Project #211157 - ethical

General Tutors

Subject General
Due By (Pacific Time) 11/11/2017 12:00 am

2 short reflections on a chapter and an article

1. An early theme in Chapter 4 of Toseland & Rivas is the ethical use of power by those in group leadership roles.  Citing and quoting specific points in the book, how do Toseland and Rivas think of ethical use of power?  How do YOU think of the ethical use of power?  After reading this chapter, what thoughts do you have about your own approach to leading groups in the future?  What are your strengths and in what areas do you see yourself developing?

2. This article proposes several deep ideas about the facilitation of groups.  Please reference with quotes and summarize what you feel the article is proposing about ONE of these themes, relate it to a current or past group experience, and discuss how this might influence the way that you conduct groups into the future.

-Traditional stages of group development and feminist approaches to group development (p. 12-13).

-The importance of "felt sense" (p. 13-14).

-Leader as applying and influencing rather than observing (p. 14-16).

-Selection of group development approach depending on the population (p. 16-18).

-Implications of feminist theory for groups who have experienced trauma, oppression, or loss (p. 18-20).


article: Not for Women Only: Applying the Relational Model of Group Development with Vulnerable Populations

Linda Yael Schiller MSW and LICSW a

a Boston University School of Social Work , Watertown, MA Published online: 08 Sep 2008. 


4 very short (2-3 sentences) responses to other's post.

Ben. When reading through French and Raven’s (1959) power bases, ethical concerns strike me with several. The last one on the list provides a glaring example. Although Toseland and Rivas note that coercive power can “compel clients to receive treatment,” other than inciting “hostility, anger” and “rebellion,” I see other negative consequences of coercive leadership taking place. (Toseland and Rivas 2017, p. 101). Other than those, I would be concerned that coercion is inherently against the social work profession—especially as it evolves. Perhaps it is how I view the connotation of the word, but using sanction and punishment as tactics—with individuals or groups—never seems to work and more often than not, the negative outcomes of such treatment usually prevail.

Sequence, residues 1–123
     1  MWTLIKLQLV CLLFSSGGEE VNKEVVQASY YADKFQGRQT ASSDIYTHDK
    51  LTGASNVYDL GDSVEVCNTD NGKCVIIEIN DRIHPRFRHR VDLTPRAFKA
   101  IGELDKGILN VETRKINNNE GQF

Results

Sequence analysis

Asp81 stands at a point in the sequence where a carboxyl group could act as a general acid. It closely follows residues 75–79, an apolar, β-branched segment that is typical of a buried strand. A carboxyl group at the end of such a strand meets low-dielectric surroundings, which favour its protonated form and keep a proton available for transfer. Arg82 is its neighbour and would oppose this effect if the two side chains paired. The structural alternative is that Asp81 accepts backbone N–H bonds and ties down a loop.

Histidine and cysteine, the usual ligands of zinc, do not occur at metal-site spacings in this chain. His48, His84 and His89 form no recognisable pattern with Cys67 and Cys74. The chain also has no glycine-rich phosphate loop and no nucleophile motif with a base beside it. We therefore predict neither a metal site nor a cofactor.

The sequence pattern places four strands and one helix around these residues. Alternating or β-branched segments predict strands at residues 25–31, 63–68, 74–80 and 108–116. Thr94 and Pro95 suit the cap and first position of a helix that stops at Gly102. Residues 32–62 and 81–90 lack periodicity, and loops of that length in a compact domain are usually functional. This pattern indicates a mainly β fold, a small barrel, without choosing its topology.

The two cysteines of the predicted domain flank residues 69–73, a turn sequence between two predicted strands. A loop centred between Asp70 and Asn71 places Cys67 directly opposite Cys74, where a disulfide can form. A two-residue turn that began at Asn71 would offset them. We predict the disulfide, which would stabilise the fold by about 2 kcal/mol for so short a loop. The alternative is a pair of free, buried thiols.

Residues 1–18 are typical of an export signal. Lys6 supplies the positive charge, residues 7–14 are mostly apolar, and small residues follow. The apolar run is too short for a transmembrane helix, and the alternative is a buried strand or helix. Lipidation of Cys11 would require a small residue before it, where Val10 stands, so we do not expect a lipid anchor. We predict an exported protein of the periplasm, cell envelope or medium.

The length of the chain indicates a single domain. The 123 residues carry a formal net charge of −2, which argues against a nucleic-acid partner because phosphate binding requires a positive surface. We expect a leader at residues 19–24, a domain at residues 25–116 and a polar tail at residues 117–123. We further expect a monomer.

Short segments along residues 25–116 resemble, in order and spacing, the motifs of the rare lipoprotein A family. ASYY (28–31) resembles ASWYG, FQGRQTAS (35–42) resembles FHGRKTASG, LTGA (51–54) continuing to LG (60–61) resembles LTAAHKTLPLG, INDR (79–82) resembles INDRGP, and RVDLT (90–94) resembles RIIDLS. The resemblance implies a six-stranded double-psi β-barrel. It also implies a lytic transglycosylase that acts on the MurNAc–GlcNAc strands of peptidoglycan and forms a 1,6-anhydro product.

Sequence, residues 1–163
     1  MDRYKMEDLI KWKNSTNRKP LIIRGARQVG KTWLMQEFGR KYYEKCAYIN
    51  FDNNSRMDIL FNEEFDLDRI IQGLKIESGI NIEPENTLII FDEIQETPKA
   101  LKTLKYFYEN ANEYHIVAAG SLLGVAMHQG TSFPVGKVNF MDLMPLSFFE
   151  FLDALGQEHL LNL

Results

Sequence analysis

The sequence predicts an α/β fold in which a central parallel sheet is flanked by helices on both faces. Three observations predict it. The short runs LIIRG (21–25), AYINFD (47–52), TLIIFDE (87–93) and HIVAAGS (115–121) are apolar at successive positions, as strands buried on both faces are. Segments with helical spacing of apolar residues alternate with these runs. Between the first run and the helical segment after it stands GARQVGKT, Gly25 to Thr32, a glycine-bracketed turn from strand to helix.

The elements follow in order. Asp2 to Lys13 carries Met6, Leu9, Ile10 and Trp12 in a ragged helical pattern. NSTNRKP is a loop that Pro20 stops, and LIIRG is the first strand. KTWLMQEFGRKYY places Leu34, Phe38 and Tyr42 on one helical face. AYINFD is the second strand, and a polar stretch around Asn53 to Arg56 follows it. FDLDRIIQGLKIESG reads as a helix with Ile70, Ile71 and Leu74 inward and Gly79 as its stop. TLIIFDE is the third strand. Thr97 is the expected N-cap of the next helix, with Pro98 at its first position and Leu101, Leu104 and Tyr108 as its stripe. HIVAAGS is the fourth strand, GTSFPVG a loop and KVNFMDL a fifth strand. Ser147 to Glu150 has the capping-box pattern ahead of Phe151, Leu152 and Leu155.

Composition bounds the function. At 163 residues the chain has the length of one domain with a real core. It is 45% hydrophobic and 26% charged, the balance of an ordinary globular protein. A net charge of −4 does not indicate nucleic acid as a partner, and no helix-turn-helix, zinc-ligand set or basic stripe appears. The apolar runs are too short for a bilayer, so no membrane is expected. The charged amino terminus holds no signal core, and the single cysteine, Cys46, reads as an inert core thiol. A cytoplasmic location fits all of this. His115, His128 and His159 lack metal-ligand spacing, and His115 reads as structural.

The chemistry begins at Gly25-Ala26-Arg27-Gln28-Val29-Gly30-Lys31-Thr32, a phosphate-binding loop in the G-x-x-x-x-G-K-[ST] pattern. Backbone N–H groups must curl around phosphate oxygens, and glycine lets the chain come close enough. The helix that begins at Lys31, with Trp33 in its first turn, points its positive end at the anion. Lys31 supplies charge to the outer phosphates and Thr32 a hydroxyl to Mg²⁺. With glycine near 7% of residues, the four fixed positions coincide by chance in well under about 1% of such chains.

Although this idea doesn’t necessarily pertain to the prompt, I do like that Toseland and Rivas expanded the definition of a leader and leadership to fit any group member. On page 99 they note that “it is important to distinguish between the worker as the designated leader and the indigenous leadership that emerges among members as the group develops” (2017). Every time the authors mention phrases such as “the leader should” or the “worker should,” it seems like they’re telling future social workers how to control and manipulate situations involving other people. When they expand the definition of leader, however, it has more appeal.

3 more will update soon.



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